Civil conflict and terrorism Edit

Fishing Village in Narathiwat

In 2004, long-simmering resentment in the southern-most Muslim-majority provinces burst into violence in Narathiwat, Pattani and Yala provinces. All are off the beaten tourist trail, although the eastern rail line from Hat Yai to Sungai Kolok (gateway to Malaysia's east coast) passes through the area and has been disrupted several times by attacks. The violence was at its worst between 2004-2015 and is now dying down.

Hat Yai (Thailand's largest city in the South) in Songkhla has also been hit by a series of related bombings; however, the main cross-border rail line connecting Hat Yai and Butterworth (on the west coast) has not been affected, and none of the islands or the west coast beaches have been targeted.

In September 2006, three foreigners were killed in bombings in Hat Yai. Some rebel groups have threatened foreigners, but while targets have included hotels, karaoke lounges and shopping malls, Westerners have not been singled out for attacks. There are Islamist and jihadist groups in south Thailand, such as Jemaah Islamiyah. That said, there is usually a strong Thai military presence in the major towns and cities to keep things in order, and the vast majority of foreign visitors do not encounter any problems.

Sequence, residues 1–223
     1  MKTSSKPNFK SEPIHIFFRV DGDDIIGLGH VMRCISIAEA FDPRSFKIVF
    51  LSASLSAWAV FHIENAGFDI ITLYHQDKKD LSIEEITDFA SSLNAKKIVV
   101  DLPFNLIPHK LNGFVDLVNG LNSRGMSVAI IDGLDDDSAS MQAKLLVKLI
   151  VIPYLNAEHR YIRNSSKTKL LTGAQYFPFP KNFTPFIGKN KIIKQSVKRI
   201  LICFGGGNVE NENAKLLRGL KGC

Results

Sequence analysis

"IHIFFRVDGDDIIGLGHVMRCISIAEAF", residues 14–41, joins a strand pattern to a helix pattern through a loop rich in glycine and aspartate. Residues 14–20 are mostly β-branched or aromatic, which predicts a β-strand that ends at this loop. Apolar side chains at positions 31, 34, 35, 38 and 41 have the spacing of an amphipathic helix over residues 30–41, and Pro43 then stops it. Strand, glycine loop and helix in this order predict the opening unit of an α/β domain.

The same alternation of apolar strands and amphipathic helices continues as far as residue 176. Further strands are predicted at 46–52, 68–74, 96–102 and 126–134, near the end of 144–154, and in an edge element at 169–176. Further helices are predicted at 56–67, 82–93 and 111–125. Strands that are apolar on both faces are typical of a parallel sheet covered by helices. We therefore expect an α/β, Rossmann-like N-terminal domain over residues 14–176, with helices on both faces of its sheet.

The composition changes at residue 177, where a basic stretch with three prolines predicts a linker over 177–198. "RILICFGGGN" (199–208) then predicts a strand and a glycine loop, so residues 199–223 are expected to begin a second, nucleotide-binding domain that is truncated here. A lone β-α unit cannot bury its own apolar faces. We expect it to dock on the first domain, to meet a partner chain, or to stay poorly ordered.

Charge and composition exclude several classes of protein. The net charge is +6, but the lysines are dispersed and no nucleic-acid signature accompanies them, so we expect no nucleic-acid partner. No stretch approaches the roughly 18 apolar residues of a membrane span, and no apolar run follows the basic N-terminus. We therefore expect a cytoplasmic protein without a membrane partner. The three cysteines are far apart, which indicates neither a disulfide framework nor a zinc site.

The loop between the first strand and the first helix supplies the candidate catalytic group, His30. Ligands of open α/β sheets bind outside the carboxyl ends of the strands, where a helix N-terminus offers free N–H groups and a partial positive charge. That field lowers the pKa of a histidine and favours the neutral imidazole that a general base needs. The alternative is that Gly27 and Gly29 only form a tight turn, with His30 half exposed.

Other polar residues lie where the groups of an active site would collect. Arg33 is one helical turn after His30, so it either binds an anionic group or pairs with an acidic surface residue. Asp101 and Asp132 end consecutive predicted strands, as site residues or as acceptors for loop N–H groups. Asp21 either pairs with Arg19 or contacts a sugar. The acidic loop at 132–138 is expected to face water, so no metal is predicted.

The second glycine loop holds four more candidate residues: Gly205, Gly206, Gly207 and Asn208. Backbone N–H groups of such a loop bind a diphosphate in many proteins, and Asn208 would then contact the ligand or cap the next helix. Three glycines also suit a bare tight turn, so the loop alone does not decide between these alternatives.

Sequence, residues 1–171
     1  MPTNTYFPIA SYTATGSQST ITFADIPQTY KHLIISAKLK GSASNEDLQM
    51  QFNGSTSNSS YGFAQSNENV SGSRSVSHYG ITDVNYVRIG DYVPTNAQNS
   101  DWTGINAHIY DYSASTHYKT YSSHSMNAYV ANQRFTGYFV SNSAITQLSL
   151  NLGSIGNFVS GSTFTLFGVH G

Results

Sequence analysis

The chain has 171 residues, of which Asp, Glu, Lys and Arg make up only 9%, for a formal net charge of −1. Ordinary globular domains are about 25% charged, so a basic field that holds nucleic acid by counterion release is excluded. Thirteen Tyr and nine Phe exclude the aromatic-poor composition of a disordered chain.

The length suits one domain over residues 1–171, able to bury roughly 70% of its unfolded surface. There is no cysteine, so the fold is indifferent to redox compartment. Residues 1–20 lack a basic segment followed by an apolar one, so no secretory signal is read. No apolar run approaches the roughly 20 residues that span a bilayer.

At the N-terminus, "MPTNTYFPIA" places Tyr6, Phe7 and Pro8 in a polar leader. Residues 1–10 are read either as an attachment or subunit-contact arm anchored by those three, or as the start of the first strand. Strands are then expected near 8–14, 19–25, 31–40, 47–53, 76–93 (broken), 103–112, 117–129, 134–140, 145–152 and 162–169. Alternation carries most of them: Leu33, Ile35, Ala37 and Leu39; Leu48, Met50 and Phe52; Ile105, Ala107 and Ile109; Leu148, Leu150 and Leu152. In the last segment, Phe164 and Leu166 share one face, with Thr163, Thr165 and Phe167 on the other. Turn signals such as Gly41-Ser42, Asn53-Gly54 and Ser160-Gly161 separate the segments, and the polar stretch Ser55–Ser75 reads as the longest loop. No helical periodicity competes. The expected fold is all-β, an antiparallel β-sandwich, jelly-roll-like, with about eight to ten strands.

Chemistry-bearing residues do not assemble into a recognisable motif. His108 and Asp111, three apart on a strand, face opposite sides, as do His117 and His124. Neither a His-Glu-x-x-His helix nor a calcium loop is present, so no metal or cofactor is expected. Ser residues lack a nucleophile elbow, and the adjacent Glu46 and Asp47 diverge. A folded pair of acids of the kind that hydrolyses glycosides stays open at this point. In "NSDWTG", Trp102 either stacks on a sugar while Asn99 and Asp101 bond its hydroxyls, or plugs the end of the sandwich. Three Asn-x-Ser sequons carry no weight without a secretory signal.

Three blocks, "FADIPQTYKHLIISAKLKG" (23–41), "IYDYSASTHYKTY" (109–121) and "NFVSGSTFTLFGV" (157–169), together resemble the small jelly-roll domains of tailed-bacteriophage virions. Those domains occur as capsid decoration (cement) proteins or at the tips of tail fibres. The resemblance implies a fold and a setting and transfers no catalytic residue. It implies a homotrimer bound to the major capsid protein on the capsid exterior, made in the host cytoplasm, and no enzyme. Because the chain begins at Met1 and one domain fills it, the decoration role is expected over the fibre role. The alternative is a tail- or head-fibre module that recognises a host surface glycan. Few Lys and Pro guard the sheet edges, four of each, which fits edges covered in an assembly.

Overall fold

In 2015, Uyghur Islamist separatists also carried out a terrorist attack in Bangkok the Erawan Shrine, a site popular with Chinese tourists. This is, however, largely regarded as an isolated incident, and the odds of it happening again are regarded as remote.

While Thailand's deep south provinces remain under emergency law, as of 2022 there is no elevated risk to tourists visiting these areas. Military checkpoints still exist and soldiers are still posted in public places and on trains, but they do not bother tourists.